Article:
TaskRabbit is an option for freelancers interested in local, short-term jobs on everyday home-based tasks including cleaning, minor repairs, moving and packing services, furniture assembly, and yard work. The app is highly-mobile friendly and Taskers set their rates, although browsing to learn the hourly range in your area for that job is a good idea. Once you set up a profile, TaskRabbit will notify you of nearby jobs — and selecting ones you want is also possible. Once the client and the Tasker come to an agreement on terms (pricing, time and timeline of the job), the Tasker does the work and then submits an invoice for payment. TaskRabbit deducts a 30% service fee — for example, if a customer pays $100, $70 goes to the Tasker.
99designs is a platform exclusively for freelance graphic designers. The concept is a cool one, but it puts slightly more work on both customers and freelancers at the outset. That makes sense, considering that art and design preferences can be highly subjective, and it's better to work out any kinks early on. Customers must write a brief, describing their business and what they need designed. (A logo or stickers? Social media banners or business cards? Infographics or merchandise?) Next, they select a four-tiered design package (priced between $299 - $1,299), that gives them access to a smaller number of designers to top-level professionals and dedicated support. After that, a "contest" is launched and that brief is sent out the freelancers in 99designs' network, who brainstorm and pitch ideas. The person hiring has seven days to leave comments and send private messages on those pitched designs (asking what modifications are possible, for example), until they pick a winner. The designer earns the prize money, and the hirer gets the full copyright.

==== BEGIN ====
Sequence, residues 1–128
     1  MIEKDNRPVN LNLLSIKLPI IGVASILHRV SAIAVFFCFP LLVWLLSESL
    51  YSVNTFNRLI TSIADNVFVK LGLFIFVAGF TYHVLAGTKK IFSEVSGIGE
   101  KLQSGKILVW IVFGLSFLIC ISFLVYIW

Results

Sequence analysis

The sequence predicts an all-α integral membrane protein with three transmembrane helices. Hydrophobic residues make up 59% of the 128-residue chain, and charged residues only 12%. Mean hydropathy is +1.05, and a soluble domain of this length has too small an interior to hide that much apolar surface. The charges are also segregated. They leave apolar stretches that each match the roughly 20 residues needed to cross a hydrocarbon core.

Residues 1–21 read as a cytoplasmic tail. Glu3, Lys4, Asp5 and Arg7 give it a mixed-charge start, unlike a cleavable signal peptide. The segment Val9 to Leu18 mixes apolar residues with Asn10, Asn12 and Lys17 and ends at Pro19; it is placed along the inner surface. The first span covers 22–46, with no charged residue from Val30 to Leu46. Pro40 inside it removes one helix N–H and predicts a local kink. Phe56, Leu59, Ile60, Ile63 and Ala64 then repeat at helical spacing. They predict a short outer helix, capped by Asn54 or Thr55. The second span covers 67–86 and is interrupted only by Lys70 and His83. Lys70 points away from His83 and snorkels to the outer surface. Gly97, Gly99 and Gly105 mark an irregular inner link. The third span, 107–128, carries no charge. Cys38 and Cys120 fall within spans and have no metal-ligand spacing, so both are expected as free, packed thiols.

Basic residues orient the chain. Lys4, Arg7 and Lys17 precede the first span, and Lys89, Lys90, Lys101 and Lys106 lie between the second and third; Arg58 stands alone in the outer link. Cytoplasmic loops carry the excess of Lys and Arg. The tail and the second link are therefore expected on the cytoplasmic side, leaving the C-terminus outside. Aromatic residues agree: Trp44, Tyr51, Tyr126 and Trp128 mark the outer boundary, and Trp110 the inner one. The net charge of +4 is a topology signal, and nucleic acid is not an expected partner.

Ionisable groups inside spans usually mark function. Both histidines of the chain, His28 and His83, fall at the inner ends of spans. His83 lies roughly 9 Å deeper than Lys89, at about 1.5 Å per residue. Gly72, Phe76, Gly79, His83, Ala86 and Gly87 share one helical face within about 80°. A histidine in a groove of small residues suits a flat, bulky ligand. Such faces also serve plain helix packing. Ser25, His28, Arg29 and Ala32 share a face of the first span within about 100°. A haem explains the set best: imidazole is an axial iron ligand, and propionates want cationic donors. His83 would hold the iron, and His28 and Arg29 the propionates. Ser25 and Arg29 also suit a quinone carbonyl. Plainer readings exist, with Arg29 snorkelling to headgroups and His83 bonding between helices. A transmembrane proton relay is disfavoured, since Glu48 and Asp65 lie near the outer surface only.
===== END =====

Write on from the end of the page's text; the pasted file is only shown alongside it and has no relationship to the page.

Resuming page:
Toptal is like The League of freelancing sites. The platform is geared toward customers hiring software developers, designers, and finance experts, and not just anyone gets to do the work. The site boasts an acceptance rate of 3% — so once you submit an application, you'll have to be screened for approval. The process is pretty intensive: First is a language, personality, and communication interview. ("Candidates must be able to read, write, and speak English extremely well," the site informs.) Next, a skill review is conducted to "check for technical knowledge, problem-solving ability, and intellect through various assessments." After that are live screenings with experts in the field the freelancer is applying to work in; then a test project (that takes one to three weeks) is administered; and finally, an ongoing assessment happens. "Toptalers are expected to maintain a perfect track record while working with clients," the site warns. This option may not be a good one for casual freelancers hoping to fit small jobs in throughout their schedules. But it might be a good opportunity for people who enjoy working outside of an office to still get access to top-tier projects. The Toptal site says past freelancers have worked on jobs for companies such as Hewlett Packard Enterprise, Zendesk, Airbnb, and J.P.Morgan.